If a user takes the time to hit the “love” icon vs. the “like” icon, your content will receive a minor boost in the News Feed. Just as in life, “loving” is a more valued emotional signal than “liking.”

The same goes for all Facebook’s reactions: Haha, Wow, Sad, and Angry. Facebook wants to see those “active” emotions.

Use Messenger

If a user shares a piece of content to their wall, that’s great, but it’s even better if they take the time to send it to a friend (or a group of friends) over Facebook messenger.

Engagement on Shares

While sharing a post is a pretty “active” interaction compared to most, simply getting shares is not enough. Your post must be shared and get engagement on that share to be prioritized in the algorithm.

Tips to increase organic reach on Facebook:

  • DO create quality content that resonates with your audience! This is the single most important piece of advice in this list. Everything about “meaningful interactions” boils down to creating quality content that people actually want to see.

  • DO use video & live video. People linger over a video post five times longer than at a static post. Video is not only good at capturing attention, it’s better at inspiring action, too.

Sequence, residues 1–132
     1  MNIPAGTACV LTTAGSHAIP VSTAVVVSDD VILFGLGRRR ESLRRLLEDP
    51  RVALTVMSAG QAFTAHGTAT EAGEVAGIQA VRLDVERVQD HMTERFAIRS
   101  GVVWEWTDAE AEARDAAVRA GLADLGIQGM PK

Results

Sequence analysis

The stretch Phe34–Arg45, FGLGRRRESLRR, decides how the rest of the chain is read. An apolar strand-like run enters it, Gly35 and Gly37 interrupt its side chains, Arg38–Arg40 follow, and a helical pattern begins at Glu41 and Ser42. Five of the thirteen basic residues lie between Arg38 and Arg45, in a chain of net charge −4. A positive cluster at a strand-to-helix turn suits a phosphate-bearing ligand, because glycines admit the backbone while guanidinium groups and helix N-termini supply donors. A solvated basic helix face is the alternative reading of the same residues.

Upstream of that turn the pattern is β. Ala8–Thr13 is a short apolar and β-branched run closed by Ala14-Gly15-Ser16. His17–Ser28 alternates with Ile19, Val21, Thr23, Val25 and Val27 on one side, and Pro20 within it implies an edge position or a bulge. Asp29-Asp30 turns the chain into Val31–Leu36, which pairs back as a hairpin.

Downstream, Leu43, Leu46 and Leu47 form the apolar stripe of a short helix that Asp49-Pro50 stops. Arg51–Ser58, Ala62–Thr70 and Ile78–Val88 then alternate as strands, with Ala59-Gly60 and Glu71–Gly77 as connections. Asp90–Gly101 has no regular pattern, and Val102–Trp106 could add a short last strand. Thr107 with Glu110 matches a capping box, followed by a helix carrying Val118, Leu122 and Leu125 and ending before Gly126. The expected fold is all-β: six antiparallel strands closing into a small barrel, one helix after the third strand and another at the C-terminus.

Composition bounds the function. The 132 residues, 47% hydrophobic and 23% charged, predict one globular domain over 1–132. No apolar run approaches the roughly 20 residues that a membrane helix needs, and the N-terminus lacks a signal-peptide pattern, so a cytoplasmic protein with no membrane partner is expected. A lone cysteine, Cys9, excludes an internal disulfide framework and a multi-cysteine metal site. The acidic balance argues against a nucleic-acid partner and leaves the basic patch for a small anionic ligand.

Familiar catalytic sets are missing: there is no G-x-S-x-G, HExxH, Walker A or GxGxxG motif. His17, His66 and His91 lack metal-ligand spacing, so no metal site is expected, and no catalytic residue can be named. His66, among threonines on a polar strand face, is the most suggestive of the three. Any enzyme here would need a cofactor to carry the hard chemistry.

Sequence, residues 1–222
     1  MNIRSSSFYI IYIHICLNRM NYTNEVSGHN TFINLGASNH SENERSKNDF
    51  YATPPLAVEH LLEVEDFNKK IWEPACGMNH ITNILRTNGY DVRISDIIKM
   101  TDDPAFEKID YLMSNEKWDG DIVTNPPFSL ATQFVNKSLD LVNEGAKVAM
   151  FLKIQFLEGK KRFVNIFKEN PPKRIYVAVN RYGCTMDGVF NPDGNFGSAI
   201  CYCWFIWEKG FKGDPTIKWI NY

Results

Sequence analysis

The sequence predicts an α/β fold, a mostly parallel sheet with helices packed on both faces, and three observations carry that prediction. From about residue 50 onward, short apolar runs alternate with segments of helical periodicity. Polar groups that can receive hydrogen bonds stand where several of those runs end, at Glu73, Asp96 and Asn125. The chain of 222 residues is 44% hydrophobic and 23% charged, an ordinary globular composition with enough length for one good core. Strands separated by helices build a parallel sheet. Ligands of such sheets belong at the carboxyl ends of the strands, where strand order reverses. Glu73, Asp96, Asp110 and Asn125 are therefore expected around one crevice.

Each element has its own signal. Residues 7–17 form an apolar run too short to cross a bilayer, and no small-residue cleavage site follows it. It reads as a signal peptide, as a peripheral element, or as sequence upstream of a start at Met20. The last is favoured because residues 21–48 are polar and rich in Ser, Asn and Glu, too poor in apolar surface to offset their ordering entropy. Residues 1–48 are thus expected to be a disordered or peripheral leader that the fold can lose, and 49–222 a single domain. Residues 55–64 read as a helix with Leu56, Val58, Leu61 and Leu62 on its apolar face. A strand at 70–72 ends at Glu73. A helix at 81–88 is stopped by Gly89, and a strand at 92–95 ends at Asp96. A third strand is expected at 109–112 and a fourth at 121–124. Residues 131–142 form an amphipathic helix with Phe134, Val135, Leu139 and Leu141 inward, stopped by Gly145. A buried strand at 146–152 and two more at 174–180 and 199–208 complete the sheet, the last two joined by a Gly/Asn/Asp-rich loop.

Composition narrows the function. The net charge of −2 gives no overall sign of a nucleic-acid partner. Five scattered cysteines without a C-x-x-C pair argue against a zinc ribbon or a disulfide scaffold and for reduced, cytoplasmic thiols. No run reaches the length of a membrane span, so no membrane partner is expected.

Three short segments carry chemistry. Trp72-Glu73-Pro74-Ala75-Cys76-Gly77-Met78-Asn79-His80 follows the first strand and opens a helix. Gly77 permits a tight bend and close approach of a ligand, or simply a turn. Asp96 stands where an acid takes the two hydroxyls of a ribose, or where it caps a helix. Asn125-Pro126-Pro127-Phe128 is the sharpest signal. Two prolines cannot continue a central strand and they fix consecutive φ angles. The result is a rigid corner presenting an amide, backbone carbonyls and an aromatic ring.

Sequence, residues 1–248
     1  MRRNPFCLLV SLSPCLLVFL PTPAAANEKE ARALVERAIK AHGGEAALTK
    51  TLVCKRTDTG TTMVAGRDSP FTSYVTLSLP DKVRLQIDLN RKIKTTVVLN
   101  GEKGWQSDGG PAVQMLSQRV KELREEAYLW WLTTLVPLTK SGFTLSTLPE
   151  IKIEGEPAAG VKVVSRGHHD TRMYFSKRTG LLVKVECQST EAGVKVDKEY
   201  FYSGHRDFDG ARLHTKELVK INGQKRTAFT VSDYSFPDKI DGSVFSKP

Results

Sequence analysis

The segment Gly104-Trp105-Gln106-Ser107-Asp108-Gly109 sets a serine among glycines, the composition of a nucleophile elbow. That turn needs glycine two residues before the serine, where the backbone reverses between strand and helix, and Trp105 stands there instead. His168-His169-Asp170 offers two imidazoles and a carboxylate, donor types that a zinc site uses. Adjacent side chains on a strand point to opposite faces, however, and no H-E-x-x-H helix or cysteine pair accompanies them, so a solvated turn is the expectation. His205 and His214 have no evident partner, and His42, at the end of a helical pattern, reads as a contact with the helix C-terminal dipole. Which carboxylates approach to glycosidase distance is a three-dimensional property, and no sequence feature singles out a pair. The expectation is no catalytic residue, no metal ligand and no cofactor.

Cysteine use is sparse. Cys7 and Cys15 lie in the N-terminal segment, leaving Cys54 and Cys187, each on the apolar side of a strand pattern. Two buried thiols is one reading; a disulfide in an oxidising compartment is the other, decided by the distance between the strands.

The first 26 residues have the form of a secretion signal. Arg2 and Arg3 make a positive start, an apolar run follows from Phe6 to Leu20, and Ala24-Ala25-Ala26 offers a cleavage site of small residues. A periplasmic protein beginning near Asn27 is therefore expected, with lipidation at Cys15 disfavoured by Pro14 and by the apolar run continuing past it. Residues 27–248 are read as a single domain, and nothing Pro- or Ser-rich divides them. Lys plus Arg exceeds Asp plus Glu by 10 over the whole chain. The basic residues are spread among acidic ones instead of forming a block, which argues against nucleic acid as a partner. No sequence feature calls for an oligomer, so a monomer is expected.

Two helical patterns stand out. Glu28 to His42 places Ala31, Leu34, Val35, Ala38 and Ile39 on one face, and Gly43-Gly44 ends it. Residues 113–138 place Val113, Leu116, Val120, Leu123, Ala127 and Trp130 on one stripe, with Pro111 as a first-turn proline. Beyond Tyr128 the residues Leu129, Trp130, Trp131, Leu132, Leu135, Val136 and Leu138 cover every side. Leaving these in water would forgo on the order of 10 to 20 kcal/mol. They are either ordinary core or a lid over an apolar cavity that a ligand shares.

• DO use a clear call-to-action so that the audience knows how to engage, whether that’s liking, commenting, or clicking through your ad. Where relevant, ask a question that can be answered with a like or comment.

  • Don’t post engagement bait like “COMMENT here if you love puppies!” It’s spammy and will get you demoted.

  • Use high quality visuals: Skip low res, blurry, stock-quality images.

  • Keep copy direct: Short and sweet copy is always best.

  • Optimize for mobile: 88% of people use Facebook on mobile.

  • Limit text in visuals: Use Facebook’s Image Text Check tool to ensure your image passes the test.

  • Target the right audience: Facebook allows advertisers to target audiences based on their location, behaviour, demographics, connections, and interests.

  • Time strategically: Running ads at the right time will have a positive impact on your ad’s performance.

And finally…

If you’re attempting to target a younger audience, you might want to consider some of the data from this article: “44% of people aged 18 to 29 said they deleted the Facebook app from their phones in the last year.”

That doesn’t mean they’re deleting their accounts, but it does mean they’re going to engage less often and less consistently.

Let’s talk about which social media platforms are best for your brand and audience!

Packaging News

We have been so excited to write this blog since the start of the year – there is so much packaging news to share and it feels like companies are getting more and more innovative every day (truly it feels like we hear about a new product once a week and keep editing this post, but it’s time to finish… for now)!

There is an undeniable consensus that we have a huge plastic problem and OVER half of all plastic pollution is from packaging. [source]